“Marguerite” — The Screech Heard Round the World


APRIL 21, 2016


Her name was Florence Foster Jenkins, and you’ll be hearing a lot about her this summer.

Jenkins was a prominent New York socialite who had a lifelong love of opera.  In the 1930s, she began giving a series of recitals at private salons or recital halls for her friends, singing the best of Mozart, Verdi and Strauss.  There was only one problem: she couldn’t sing.  I mean, she really couldn’t sing.  She had no acquaintance with rhythm or pitch, and the screech that came out of her mouth eventually made her a cult figure in music circles, culminating with her first public performance, a disastrous 1944 recital she gave at…Carnegie Hall!

Jenkins’ life has fascinated dramatists, and she has already been the subject of a popular stage comedy (“Glorious!”) as well as the Broadway play “Souvenir” (which featured a Tony-nominated performance by Judy Kaye).  On August 12, a new film of her life, titled “Florence Foster Jenkins,” will be released, starring none other than Meryl Streep.

I bow to no man in my regard for Streep as the finest living film actress around, but she’s going to have to be damned good to top the performance of Catherine Frot in the French-language film “Marguerite,” which is currently opening in art houses around the country (and should be added immediately to your Netflix queue).

“Marguerite” is a fictionalized version of Jenkins’ life, transporting her story to France in the personage of  French socialite Marguerite Dumont (perhaps a sly nod to the actress Margaret Dumont, who played the snooty socialite in the Marx Brothers films) who regularly holds Sunday salons for her music club.  We see her performance through the eyes of Hazel (Christa Théret), a back-up soprano who actually has talent; and two party-crashers — anarchist Kyril (Aubert Fenoy), who thinks that Marguerite (Frot) is so awful that she’s fabulous, and Lucien (Sylvain Dieuaide), a journalist who is genuinely curious about this delusional socialite.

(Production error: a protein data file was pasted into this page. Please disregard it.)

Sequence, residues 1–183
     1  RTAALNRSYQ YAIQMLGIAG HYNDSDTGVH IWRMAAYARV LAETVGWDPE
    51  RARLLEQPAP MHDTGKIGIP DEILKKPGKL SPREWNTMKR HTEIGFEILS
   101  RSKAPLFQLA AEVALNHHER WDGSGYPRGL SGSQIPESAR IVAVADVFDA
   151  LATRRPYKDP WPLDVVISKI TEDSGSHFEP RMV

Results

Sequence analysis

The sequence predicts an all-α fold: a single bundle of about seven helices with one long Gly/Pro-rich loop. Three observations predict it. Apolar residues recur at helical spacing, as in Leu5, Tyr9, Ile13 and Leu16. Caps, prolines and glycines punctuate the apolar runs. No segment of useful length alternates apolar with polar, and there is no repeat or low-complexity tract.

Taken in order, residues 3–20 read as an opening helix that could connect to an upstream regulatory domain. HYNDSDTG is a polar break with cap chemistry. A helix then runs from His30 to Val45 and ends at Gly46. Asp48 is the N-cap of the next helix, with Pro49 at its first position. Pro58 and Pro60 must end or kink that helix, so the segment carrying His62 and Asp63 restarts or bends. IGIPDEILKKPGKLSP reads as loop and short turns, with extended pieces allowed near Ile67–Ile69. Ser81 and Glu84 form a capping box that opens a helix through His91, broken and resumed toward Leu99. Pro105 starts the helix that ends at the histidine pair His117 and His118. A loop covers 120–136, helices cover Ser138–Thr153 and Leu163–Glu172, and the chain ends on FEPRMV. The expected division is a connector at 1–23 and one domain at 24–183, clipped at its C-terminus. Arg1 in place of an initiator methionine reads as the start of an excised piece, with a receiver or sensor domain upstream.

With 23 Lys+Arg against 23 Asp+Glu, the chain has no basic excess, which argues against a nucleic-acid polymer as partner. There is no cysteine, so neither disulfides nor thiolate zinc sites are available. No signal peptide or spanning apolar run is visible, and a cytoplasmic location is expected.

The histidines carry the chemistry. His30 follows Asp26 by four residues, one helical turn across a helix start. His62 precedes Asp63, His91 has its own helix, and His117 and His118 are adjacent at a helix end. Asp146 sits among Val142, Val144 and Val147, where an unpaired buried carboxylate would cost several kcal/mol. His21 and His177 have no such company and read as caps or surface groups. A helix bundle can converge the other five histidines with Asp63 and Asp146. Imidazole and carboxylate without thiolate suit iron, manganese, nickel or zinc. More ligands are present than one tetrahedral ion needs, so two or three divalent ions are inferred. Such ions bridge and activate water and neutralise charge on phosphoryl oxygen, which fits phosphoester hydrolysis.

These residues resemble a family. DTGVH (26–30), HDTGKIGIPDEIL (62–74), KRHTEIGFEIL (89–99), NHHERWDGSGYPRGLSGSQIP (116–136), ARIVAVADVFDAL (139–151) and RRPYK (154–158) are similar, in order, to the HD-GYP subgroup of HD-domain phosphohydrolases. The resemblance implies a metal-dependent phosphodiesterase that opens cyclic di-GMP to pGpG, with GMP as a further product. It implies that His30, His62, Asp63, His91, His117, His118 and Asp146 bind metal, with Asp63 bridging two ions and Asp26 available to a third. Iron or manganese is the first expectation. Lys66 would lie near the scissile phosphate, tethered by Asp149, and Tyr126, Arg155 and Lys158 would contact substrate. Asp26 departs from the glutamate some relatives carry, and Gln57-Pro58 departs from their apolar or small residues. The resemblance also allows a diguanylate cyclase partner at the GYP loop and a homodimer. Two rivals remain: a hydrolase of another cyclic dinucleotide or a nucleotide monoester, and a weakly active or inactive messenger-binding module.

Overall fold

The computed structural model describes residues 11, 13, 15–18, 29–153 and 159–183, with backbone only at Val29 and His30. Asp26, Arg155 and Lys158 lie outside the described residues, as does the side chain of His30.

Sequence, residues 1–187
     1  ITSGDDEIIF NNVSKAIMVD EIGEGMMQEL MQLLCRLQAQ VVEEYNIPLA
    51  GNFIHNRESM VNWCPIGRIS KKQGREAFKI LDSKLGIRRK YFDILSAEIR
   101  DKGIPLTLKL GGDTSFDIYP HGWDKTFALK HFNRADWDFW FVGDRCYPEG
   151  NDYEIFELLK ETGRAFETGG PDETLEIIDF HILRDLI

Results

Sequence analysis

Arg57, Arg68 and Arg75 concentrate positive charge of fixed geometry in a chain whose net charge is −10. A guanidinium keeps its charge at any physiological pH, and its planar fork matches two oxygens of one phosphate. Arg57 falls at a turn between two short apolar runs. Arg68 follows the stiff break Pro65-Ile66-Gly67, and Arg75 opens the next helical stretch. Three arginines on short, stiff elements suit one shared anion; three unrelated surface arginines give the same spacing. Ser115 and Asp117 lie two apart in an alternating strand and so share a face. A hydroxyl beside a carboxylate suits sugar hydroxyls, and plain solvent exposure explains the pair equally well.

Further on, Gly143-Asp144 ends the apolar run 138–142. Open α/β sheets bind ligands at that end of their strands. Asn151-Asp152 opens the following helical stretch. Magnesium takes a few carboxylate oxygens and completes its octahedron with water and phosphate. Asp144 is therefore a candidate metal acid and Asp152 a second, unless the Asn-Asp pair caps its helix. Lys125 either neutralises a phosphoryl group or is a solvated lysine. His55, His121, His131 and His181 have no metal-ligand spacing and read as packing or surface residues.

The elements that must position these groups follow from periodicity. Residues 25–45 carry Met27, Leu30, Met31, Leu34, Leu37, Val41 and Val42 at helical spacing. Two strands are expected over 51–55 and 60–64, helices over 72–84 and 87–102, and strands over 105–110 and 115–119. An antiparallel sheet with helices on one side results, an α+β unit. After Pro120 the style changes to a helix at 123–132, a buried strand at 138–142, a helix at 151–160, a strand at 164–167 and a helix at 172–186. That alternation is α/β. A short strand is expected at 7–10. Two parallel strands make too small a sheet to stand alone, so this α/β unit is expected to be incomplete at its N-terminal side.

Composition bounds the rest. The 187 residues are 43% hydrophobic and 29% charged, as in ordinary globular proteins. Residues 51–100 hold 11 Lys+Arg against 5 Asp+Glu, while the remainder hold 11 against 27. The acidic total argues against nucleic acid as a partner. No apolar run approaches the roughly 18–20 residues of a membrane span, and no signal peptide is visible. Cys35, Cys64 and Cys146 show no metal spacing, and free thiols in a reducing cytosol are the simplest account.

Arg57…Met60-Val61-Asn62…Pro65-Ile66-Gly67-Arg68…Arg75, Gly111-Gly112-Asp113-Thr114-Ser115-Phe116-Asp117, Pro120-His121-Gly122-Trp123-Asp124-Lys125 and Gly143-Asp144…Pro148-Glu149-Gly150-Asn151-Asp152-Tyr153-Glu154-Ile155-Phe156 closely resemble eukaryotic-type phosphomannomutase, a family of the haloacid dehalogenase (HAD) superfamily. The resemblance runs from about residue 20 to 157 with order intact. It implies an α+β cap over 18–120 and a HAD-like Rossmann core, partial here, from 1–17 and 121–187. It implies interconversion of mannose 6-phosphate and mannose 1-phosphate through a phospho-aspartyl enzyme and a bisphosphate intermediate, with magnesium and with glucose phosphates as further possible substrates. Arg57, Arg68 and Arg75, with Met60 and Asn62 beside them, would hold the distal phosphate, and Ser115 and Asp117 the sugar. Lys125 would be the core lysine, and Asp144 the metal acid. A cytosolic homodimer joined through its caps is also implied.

The only person missing from the party is Marguerite’s husband Georges (André Marcon), who has fabricated an auto breakdown so as to miss yet another celebration of his wife’s caterwauling.

And Marguerite does not disappoint.  As soon as she opens her mouth, terrified children run hiding under the table, men quickly hightail it to the bar and her club members sit once again in stunned silence.

Do we laugh when we first hear Marguerite begins to mangle Mozart’s “Queen of the Night”?  Of course.  It’s horrifyingly funny.  But director Xavier Giannoli makes sure this is the last time we guffaw at his leading lady.  Even though she is oblivious to how awful she sounds, Marguerite feels that she has a gift and is determined to share it with the world.  And as more and more people laugh at her or try to swindle her, the more protective we become of this perhaps misguided soul who has the courage to step on a stage and do what she loves.

That the character manages to become a subject of affection is largely to Frot’s fearless performance as Marguerite.  She has to make us believe in Marguerite’s delusion without making her an object of derision.  Plus its is not easy to sing badly believably without making it a joke.  Try it sometime — Frot convinces us that Marguerite is doing her very best while still being so awful.

The production design of the film is gorgeous and the cast is first-rate, particularly the outrageous Michel Fau as a foppish tenor on the way down who is blackmailed into becoming Marguerite’s singing teacher and Denis Mpunga as Madelbos, Marguerite’s devoted servant and greatest protector, who bears an eerie resemblance to Samuel L. Jackson’s servant in “Django Unchained.”

The only area where the film falls down is the script, written by Giannoli and Marcia Romano.  Not that the film is badly written — far from it — but there’s just too much of it.  There are subplots everywhere — a budding romance between Lucien and Hazel is particularly useless — and after the disastrous recital (which should happen near the end of the film), there’s a lengthy storyline in a hospital when Marguerite learns the truth that goes on forevvvvver.  The film runs over 2 hours, and it shouldn’t.

Nonetheless, what is good in “Marguerite” is very good indeed, and after congratulating yourself for getting through it, I guarantee that you will think back and smile of the many pleasures of the film and mostly of the towering performance of Catherine Frot.

You’re up next, Meryl.  Whadaya you got?